How to search WooCommerce user meta data

In today’s article, we are going to show you how you can search the WooCommerce custom user fields. WooCommerce saves a lot of information about your users as user meta, but usually, we can’t easily search through this data. Therefore we’ll use the Users Insights plugin to better understand the WooCommerce data and how to get WooCommerce user meta and the users assigned to these custom fields.

Beyond that, our goal today is getting a good understanding of what kind of user meta WooCommerce has. We’ll also perform different user searches and filters, and we’ll see how you can use this information in your WooCommerce store.

The main topics of our discussion are:

  • What is user meta and what kind of data WooCommerce stores
  • Loading user meta in Users Insights
  • Searching WooCommerce user meta
  • Searching the default WooCommerce fields

Let’s get started!

woocommerce user meta search

What is user meta and what kind of data WooCommerce stores

User meta are custom fields used by plugins and themes to store information about your users. All the information you see in a WooCommerce store has to be stored somehow, and the custom user fields are the best way to store user related data.

Therefore, information such as social media address, billing and shipping details, occupation and others are all stored via user meta. These custom fields can be accessed not just by the plugin that created them. So, if WooCommerce stores the shipping address for a user, all other plugins can access that.

There’s a wide range of fields at your disposal when you have some WooCommerce users and orders. We’ll focus on the more straightforward and reliable data such as billing and shipping address. You can also create your own custom fields on WooCommerce user registration. We’ll mention how you can use fields added by this method, such as collecting the job title or a newsletter opt-in.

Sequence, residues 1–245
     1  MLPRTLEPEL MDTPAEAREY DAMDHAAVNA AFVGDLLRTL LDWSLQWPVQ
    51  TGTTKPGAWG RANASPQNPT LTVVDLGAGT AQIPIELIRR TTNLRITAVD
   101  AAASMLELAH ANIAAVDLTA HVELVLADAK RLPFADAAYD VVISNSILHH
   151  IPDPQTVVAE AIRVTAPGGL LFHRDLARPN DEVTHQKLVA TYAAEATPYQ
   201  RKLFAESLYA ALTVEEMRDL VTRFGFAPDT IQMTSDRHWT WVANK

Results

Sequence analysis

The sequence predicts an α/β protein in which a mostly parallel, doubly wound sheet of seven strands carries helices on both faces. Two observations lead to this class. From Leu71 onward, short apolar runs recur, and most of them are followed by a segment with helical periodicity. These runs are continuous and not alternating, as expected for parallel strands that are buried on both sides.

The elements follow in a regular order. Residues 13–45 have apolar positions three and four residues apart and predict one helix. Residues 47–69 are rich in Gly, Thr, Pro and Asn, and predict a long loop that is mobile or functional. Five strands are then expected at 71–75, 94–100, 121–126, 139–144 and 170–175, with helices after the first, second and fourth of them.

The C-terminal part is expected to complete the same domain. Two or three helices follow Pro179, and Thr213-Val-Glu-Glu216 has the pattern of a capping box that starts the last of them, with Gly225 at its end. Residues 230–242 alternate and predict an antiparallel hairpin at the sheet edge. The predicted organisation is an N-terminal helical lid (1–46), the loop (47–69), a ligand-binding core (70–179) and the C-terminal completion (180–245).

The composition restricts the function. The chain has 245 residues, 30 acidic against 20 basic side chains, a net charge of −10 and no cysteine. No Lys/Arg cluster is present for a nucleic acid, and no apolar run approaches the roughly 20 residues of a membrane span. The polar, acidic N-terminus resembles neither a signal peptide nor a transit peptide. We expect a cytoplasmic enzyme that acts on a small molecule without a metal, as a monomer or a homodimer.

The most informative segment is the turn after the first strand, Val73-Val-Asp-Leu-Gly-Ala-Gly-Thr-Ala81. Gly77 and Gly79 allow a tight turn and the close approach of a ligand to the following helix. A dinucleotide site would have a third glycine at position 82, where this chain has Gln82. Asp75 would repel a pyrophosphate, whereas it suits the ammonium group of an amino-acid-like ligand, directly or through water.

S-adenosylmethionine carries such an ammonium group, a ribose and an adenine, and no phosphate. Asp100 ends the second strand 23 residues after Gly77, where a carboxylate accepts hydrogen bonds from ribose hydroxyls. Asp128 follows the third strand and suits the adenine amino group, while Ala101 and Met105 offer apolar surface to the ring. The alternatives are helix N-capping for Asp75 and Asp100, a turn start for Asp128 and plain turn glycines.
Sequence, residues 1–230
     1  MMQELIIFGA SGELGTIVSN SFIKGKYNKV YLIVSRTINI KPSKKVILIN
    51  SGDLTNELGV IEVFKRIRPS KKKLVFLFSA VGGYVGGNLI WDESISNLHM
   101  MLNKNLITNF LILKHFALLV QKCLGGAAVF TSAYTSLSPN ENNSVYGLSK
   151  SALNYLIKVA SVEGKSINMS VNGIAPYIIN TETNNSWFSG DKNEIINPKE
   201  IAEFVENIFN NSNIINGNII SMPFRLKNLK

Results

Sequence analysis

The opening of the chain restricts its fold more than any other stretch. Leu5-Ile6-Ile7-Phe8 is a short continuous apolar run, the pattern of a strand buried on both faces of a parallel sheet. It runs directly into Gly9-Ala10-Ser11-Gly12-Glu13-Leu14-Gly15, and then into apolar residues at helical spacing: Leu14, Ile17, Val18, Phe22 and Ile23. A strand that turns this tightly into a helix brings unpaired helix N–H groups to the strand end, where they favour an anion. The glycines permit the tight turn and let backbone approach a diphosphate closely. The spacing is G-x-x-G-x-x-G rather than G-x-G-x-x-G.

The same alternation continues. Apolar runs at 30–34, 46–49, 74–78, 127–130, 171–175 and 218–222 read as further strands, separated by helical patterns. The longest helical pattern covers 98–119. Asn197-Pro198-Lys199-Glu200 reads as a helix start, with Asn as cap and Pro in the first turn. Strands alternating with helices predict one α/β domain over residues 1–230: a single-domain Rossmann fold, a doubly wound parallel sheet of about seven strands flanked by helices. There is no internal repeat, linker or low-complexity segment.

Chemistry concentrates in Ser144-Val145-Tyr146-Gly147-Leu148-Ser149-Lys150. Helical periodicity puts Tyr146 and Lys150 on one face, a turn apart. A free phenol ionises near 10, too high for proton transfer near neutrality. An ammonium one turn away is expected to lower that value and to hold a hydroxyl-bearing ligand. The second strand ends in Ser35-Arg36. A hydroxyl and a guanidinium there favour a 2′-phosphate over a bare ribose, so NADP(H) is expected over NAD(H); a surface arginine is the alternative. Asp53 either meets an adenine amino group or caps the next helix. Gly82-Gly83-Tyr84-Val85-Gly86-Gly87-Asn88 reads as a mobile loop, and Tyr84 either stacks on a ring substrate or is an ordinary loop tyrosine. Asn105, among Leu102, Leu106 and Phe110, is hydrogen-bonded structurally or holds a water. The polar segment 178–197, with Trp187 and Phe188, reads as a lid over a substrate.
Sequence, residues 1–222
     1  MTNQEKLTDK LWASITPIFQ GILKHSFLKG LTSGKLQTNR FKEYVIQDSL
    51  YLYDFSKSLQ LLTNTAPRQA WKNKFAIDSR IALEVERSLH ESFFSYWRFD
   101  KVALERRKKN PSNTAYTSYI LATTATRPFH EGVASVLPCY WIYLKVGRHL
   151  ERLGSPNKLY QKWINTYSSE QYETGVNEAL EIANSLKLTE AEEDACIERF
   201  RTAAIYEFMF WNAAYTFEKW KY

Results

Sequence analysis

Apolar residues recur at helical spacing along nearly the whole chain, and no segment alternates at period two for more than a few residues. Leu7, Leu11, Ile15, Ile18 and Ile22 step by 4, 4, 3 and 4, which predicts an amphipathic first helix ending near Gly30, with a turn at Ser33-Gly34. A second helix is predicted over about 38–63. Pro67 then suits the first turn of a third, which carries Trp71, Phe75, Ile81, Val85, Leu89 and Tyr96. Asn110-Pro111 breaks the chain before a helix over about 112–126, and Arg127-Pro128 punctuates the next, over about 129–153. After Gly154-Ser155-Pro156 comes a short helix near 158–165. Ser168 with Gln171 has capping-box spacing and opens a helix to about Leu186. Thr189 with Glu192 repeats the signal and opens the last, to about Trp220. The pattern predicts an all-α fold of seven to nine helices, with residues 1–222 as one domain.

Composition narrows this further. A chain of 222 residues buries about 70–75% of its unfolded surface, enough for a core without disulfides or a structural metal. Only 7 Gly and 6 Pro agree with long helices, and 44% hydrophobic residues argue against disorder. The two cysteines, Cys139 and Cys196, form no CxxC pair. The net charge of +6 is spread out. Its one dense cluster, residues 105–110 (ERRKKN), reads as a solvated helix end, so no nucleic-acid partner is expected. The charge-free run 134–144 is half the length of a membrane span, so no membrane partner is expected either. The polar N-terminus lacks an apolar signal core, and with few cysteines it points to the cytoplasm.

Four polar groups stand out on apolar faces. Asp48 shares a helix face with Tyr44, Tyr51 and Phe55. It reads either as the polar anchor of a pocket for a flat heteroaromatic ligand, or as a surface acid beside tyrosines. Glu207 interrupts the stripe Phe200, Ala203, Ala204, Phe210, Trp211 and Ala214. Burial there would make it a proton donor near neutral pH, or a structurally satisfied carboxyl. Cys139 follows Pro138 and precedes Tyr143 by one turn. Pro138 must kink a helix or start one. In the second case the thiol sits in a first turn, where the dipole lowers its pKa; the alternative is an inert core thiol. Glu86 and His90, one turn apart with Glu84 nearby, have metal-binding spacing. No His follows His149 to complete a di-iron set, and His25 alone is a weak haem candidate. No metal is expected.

There are other fields such as the lifetime value that isn’t as accurate as we’d like. For this reason, we’ll use the Users Insights WooCommerce Lifetime value instead. This field has the same purpose of the default lifetime value but has a much more precise method.

You can also load other referenced data, as the orders themselves. We’ll need a bit of custom code to format these fields in a way that we can use them. Nonetheless, it’s a very interesting method of loading user meta, as it allows complex data loading.


Loading user meta in Users Insights

The Users Insights plugin has a WooCommerce module. It allows a wide array of fields such as number of orders and lifetime value, to be loaded as soon as you enable it:

However, you may want to load other fields as well. You can easily load fields that are stored as user meta just by using the Custom Fields feature and map your fields. You can do that under Users Insights > Custom fields. In this way we can load the WooCommerce user meta fields such as shipping country and billing country.

Additionally, if you have other custom fields stored for your users (like checkout form fields or fields stored by other plugins), we can load their data as well. In this example, we are going to load the job title and newsletter registration custom fields that we request in our checkout form.